While ASL has been developed for enhancing the communication abilities of deaf and mute people, most non-handicapped persons are not trained in its use. Even those that are trained are unable to use it for communication in circumstances where line-of-sight communication is impossible or impractical. Thus, there exists a long-felt and widespread need to provide alternative communication apparatus and methods for deaf, hearing impaired, and mute persons which can be used at a distance, in situations where line-of-sight communication is impossible or impractical, where communication with a group of mixed non-handicapped persons and deaf and/or mute persons is desired, or in everyday situations which render common means of understanding by hearing impaired persons (e.g., lip-reading) ineffective. This is especially the case for dangerous situations in which a loud sound emanates from an undisclosed location and the deaf person remains unaware of its existence. The apparatus and method of the present invention, discussed in greater detail below, clearly satisfy this need.
The present invention provides a communication system for deaf, hearing impaired, and mute persons, or those communicating with hearing impaired and/or mute persons. The communication system of the present invention comprises a message reception means to receive audio information, such as a microphone and an optional filter; an information conversion means, such as a speech recognizer, to convert the received information into speech data; a data processing means, such as a microprocessor, to organize the speech data into an appropriate and meaningful symbolic representation; and a display means, such as a see-through liquid crystal display to display the symbolic representation of the speech data (usually English language text symbols) to the user. The processing means also has the ability to process other audio data (e.g. non-speech) to determine whether or not a dangerous situation exists within the environment surrounding the user.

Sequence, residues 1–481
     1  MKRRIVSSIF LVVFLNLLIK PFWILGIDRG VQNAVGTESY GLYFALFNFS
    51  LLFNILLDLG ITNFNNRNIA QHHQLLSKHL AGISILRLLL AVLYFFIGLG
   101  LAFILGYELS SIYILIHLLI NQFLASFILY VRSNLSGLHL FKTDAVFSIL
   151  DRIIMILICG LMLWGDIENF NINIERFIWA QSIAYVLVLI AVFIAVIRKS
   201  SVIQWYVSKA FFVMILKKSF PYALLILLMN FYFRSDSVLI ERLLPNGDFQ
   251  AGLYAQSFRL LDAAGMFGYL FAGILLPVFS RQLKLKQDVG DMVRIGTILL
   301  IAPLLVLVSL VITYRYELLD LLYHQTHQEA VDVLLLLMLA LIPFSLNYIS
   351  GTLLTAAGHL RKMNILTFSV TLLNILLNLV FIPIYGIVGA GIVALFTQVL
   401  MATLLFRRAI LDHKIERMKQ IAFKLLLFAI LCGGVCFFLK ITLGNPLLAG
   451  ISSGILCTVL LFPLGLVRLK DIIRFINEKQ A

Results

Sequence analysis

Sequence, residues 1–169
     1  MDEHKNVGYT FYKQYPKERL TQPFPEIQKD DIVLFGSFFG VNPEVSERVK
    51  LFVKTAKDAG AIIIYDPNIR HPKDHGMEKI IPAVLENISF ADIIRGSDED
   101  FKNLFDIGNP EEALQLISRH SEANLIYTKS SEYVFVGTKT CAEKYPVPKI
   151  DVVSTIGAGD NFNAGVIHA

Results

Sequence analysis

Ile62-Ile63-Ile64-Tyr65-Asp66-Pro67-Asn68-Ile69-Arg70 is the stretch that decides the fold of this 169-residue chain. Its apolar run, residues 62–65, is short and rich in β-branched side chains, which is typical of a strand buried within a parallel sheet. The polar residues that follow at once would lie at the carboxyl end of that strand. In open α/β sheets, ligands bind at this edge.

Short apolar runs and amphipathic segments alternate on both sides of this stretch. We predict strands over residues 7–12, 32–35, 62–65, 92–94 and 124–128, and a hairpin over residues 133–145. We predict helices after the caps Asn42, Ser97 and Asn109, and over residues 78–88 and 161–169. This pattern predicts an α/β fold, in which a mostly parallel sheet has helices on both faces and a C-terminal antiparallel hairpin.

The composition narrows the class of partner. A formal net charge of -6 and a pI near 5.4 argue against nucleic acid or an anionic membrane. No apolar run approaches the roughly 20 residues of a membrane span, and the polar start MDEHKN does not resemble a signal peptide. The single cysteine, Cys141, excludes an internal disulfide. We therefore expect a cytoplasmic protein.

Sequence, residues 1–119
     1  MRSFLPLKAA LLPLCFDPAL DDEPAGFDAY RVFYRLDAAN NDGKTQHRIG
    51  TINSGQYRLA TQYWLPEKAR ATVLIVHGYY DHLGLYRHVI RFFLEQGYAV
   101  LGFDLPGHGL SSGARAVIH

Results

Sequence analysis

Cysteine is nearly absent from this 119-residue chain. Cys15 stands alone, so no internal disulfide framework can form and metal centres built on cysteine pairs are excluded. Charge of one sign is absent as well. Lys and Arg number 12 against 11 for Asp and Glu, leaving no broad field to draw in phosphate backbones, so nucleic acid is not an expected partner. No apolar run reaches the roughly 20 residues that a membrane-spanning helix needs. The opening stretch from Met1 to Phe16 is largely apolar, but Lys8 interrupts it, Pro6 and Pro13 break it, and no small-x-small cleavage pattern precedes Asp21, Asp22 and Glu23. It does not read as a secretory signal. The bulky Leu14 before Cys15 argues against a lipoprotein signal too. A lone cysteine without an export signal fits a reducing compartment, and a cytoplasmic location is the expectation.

Further, the apparatus and method of the present invention comprises a message entry means, such as a keypad and/or stylus-and-tablet to acquire messages from the user. The apparatus and method of the present invention also comprises a message transmission means, such as a voice synthesizer and speaker, to convert the user messages into message data, and convey the message data as audio output, preferably speech, to the user's immediate physical environment.
In another aspect of the present invention, a method and apparatus is provided for communication between hearing impaired, deaf and/or mute persons and others, including a group of people, which involves use of an optional element of the message transmission means, comprising a remote data transceiver electrically connected to the processor of the present invention so as to transmit and receive message information from other communication systems that are not in the immediate vicinity.
Other features of the apparatus and method include the ability to produce indicator signals for display to the user which correspond to dangerous or cautionary situations relating to abnormally loud noises, or readily recognized sound patterns, such as a siren. The apparatus may also comprise a cellular phone which operates as an adjunct to the microphone and speaker elements, providing mobile telephone communications for the handicapped. In addition, indications can be transmitted to the user representing information related to geographic location, distance to a present destination, or other personally useful information. The above and other advantages of this invention will become apparent from the following more detailed description, in conjunction with the accompanying drawings and illustrative embodiments.
FIG. 1 is a perspective view of the present invention indicating a user's perception of a projected message image.
FIG. 2 is a stylized representation of the display for the user, including messages and various information indicators.
FIG. 3 is a simplified block diagram of the present invention.
FIG. 1 illustrates a perspective view of an exemplary embodiment of the present invention, as it is worn by user 200. A communication system 10 for deaf, hearing impaired, or mute persons optionally comprises headband 120, or other suspension means, such as eyeglasses, goggles, or a helmet, for supporting the various component elements which comprise the present invention.